Where are Today’s Daniel Ellsbergs?

In the nearly 40 years since Daniel Ellsberg released the Pentagon Papers, exposing how the U.S. got involved in the Vietnam War at a time when the country was still deep in the Southeastern Asian morass, he’s found few others who have gone the same route.

Not many people have been sufficiently inspired by his actions, which have been called courageous by some and treasonous by others, such as Richard Nixon.

In fact, Nixon almost became obsessed with Ellsberg, according to the White House tapes used in the eye-opening film on the incident “The Most Dangerous Man: Daniel Ellsberg and the Pentagon Papers,” that premieres Tuesday on PBS’ “POV.”

Breaking into Ellsberg’s psychiatrists’ office as an attempt to smear the man who exposed the government lies on Vietnam was part of what led to the impeachment process that led to Nixon’s resignation.

And yet, Ellsberg said earlier this year, at a session to discuss the film by Judith Erlich and Rick Goldsmith, “What puzzles me is that no one has done anything close to it.”

This despite the proven ability of leaks to bring truth to people for whom the government is supposed to be acting.

“I think it makes an enormous difference if people are willing … to put out documents in a way that will show, especially in a more timely way than I did, about an oncoming war where the government is lying to the people. And I have tried to encourage people to consider doing that for years, for many years.”

And until WikiLeak’s storm of downloaded videos and documents this year that didn’t happen. Even when so many knew about the warrantless wiretaps the government was using for years after 9/11.

“Probably a thousand people understood that those wiretaps were illegal,” Ellsberg says. “But they didn’t reveal it. I don’t know why no one does that.”

It could be out of fear of prosecution that grew out of the Ellsberg case, where the government threatened him with 115 years in prison.

“The government tried to make an example of me. I was the first person ever prosecuted for leaking. There’s only been one since. So the risks of prosecution are not what people think.”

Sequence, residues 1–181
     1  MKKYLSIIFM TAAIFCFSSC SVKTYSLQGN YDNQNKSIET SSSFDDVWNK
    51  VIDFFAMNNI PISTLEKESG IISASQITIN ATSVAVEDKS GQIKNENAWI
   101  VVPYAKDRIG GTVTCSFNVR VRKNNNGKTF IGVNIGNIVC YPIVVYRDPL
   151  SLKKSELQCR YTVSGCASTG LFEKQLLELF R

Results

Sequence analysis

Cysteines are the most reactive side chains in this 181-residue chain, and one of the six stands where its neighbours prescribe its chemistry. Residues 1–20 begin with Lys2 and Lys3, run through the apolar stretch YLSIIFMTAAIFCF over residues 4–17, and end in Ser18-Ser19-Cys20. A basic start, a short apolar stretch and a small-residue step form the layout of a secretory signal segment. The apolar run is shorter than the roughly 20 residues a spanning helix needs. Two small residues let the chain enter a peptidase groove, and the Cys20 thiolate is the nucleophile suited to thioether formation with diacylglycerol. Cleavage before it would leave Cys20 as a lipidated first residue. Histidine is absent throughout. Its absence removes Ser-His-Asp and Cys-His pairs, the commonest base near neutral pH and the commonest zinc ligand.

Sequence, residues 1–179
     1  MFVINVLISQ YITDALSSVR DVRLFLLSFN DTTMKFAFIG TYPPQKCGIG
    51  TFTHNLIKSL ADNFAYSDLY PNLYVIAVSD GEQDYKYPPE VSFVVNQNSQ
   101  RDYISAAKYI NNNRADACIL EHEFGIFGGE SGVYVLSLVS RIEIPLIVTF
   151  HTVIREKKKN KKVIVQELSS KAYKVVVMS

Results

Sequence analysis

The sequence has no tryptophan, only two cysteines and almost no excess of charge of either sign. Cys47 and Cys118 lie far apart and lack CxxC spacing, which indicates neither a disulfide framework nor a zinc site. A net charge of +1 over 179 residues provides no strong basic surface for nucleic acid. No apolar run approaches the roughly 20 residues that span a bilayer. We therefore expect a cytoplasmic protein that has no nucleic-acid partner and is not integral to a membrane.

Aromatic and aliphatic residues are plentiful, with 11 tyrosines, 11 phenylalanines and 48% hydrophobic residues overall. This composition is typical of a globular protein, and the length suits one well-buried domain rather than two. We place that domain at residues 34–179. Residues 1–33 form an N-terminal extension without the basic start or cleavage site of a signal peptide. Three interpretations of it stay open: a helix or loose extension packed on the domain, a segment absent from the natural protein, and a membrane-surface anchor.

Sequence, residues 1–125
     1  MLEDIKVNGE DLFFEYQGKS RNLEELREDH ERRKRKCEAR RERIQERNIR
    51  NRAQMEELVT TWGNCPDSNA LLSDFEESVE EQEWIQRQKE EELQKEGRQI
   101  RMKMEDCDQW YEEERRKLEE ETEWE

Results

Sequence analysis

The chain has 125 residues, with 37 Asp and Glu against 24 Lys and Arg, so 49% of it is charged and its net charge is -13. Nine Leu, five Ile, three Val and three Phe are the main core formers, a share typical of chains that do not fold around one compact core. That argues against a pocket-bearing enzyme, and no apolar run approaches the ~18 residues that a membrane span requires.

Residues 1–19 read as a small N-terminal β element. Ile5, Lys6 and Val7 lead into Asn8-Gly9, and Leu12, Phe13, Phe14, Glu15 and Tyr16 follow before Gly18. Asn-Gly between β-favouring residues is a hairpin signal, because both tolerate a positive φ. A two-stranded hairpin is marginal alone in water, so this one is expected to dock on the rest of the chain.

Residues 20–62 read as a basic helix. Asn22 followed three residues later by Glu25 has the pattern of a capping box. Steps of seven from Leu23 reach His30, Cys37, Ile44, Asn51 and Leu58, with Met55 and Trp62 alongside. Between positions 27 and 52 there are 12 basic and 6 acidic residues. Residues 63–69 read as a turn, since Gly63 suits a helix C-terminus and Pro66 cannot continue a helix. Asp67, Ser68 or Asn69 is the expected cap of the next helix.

Even without prison, leaking sensitive documents can cause loss of a job, friendships, and even a marriage, because of the stress, he says.

“It’s understandable, in other words, as I say, that you don’t have flocks of people doing this. But nobody? I don’t understand that, and I’ve been trying to research that ever since, what’s going on there.”

That changed in recent months as WikiLeaks released thousands of documents and some damning videos on its internet sites, some of which was picked up by the mainstream media.

When a 22-year-old U.S. Army intelligence analyst was arrested in connections with the leaks, Ellsberg said, “If he has done what he is alleged to have done, I congratulate him.”

Ellsberg told the Daily Beast. “He has used his opportunities very well. He has upheld his oath of office to support the Constitution. It so happens that enlisted men also take an oath to obey the orders of superiors. Officers don’t make that oath, only to the Constitution. But sometimes the oath to the Constitution and oath to superiors are in conflict.”

Would the mainstream media today be as interested if the 7,000 page documents on the current wars were released as they were for the Pentagon Papers in 1971?

Eventually, Ellsberg says.

However, it took the New York Times a year to report on information they had on illegal wiretaps because the White House asked they not print it. “They held on to it past the election of 2004, which was, you remember, a very, very close election and could very well have been changed by the revelation that the President had been blatantly lying when he said he was not conducting warrantless wiretaps and had been breaking the law for three years at that point. So I think the Times can be actually challenged with having given us with four more years of George W. Bush.

On the other hand, they did release the news a year later after the election, in 2005, and got a Pulitzer Prize for it, which they deserved, having put it out eventually.”

Their motive may have been to save face. “Their reporter, James Risen, was about to release a book that would reveal, in effect, that the Times had been holding on to that for a whole year. So they did put it out.”

The story of how a country goes to war is very important to know for the people under whose name the war wages.

That’s what makes “The Most Dangerous Man in America” an important story for audiences today, according to the executive producer of POV.

Simon Kilmurry calls he film by Judith Erlich and Rick Goldsmith “indispensable, not only for those who remember the Pentagon Papers and their effect and the effect their publication had in 1971 on the course of the Vietnam War, but it’s equally important for a new generation whose first experiences of U.S. wars fought abroad are the conflicts in Iraq and Afghanistan.”

“The Most Dangerous Man in America: Daniel Ellsberg and the Pentagon Papers” runs on “POV” Tuesday at 9 p.m. on PBS.

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